On October 3, 2022, the Commission adopted a Revised Informal Guidance Notice on the application of Articles 101 and 102 TFEU to novel or unresolved competition law questions. The Revised Informal Guidance Notice gives the Commission more flexibility in issuing informal advice compared to the 2004 guidance.
Prior to 2003, the Commission frequently issued “comfort letters” under Regulation 17 to applicants seeking clarity as to whether their agreements and conduct complied with EU competition rules. This placed a considerable burden on the Commission’s resources and prompted a shift towards a system of “self- assessment” under Regulation 1/2003, which remains applicable to date. The Commission only retained limited powers to issue informal guidance with a view to ensuring legal certainty.
The 2004 Guidance Notice
Under the 2004 Informal Guidance Notice, the Commission would only provide informal guidance if “no clarification [exists in the] EC legal framework” and that clarification would be “useful”. The rationale for setting a very high threshold was to prevent a reintroduction of the abolished notification system though the back door. In practice, the Commission reportedly did not issue any guidance letters in the past two decades.
The 2022 Guidance Notice
The Revised Informal Guidance Notice introduces increased flexibility for the Commission to engage in informal discussions. The starting point remains the same: the Commission should only provide informal guidance when: (i) a novel or unresolved competition law question is at issue; and (ii) there is “an interest” in providing guidance. To ensure a more effective application of this tool, though, the Revised Informal Guidance Notice increases the Commission’s discretion to act through three principal changes.
First, informal guidance can now be given in the absence of “sufficient clarity” on the underlying point of law, compared to the previously required absence of any clarification. The Commission can now issue guidance where there is a gap in existing precedent, and clarification would provide “added value with respect to legal certainty.” For example, this is arguably the case with respect to pricing algorithms. Second, the Commission can take into account the “Commission’s priorities or Union interest” when deciding whether there is sufficient interest in providing guidance. Third, a number of procedural changes open the door for increased communication with undertakings applying for guidance (e.g., requirement that applicants submit their own preliminary assessment on the application of Articles 101 and 102 TFEU; informal pre-application discussion with the Commission). In the same vein, the Commission ought to “use its best efforts to inform the applicant of the course of action that it intends to take […] within a reasonable time,” including if it decides not to issue any guidance.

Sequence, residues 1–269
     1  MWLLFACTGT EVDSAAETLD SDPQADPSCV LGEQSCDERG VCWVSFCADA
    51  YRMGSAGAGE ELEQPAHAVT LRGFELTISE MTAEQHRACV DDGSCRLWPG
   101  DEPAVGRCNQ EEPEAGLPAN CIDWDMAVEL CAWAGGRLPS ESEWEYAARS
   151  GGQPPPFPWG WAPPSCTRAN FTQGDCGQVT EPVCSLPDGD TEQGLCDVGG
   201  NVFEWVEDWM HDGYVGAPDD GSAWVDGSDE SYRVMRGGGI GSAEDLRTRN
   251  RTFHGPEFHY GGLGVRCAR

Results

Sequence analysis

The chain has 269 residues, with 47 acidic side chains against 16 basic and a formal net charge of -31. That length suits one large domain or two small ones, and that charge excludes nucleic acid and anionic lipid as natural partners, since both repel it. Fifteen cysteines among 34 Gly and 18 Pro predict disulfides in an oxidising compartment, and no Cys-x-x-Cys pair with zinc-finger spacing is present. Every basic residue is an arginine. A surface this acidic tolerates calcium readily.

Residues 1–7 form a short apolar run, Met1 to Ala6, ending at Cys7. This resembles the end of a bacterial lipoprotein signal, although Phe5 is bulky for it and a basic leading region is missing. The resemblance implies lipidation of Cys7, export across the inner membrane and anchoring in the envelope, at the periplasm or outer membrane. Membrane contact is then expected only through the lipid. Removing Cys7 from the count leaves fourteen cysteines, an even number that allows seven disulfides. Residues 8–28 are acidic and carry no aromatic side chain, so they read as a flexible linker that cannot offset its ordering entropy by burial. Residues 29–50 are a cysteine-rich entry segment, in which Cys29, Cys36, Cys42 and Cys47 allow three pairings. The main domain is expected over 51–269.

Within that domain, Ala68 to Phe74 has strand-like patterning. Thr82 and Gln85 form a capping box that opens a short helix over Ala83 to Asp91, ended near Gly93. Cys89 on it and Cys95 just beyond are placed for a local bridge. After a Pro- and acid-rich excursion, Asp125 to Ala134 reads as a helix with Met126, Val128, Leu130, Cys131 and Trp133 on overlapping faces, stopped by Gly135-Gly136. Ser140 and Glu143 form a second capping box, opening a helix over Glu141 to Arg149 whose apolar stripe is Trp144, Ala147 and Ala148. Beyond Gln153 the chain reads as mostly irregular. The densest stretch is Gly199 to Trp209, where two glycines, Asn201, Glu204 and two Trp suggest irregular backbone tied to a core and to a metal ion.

The Revised Informal Guidance Notice introduces much overdue flexibility for the Commission to give informal guidance on novel competition law questions. This sends a message that the Commission is determined to increase its informal engagement with undertakings and make effective use of its entire competition enforcement toolkit. However, the Commission’s informal guidance process does not provide sufficient protection against self-incrimination and explicitly preserves the Commission’s power to launch proceedings based on informal guidance applications. This may end up disincentivizing most undertakings from directly engaging with the Commission on the very issues that are most in need of clarification.
 Commission notice on informal guidance relating to novel or unresolved questions concerning Articles 101 and 102 of the Treaty on the Functioning of the European Union that arise in individual cases, OJ 2022 C 381/9 (“Revised Informal Guidance Notice”)
 Commission notice on informal guidance relating to novel questions concerning Articles 81 and 82 of the EC Treaty that arise in individual cases, OJ 2004 C 101/78 (“2004 Informal Guidance Notice”).
 Article 4-8 of Regulation No. 17 implementing Articles 65 and 86 of the Treaty OJ 1962 L 204/62 (“Regulation 17”).
 Council Regulation (EC) No. 1/2003 on the implementation of the rules on competition laid down in Articles 81 and 82 of the Treaty OJ 2004 L 1/1 (“Regulation 1/2003”)
 Rec. 38 of Regulation 1/2003.
 Para. 8 of the 2004 Informal Guidance Notice.
 European Commission, “Call for Evidence for an initiative on Anti-competitive agreements and abuse of a dominant market position – update of informal guidance notice for businesses,” May 24, 2022, available at: https://ec.europa.eu/info/law/better-regulation/have-your-say/initiatives/13448-Anti-competitive- agreements-and-abuse-of-a-dominant-market-position-update-of-informal-guidance-notice-for-businesses_en.
 Ibid.; Para. 8 of the 2004 Informal Guidance Notice.
 Para. 7 of the Revised Informal Guidance Notice.
 Ibid., para. 7(a).
 Para. 8(a) of the 2004 Informal Guidance Notice.
 Para. 7(a) of the Revised Informal Guidance Notice.
 Ibid., para. 7(b).
 Ibid., paras. 12–13.
 Ibid., para. 17.
 Ibid., para. 19.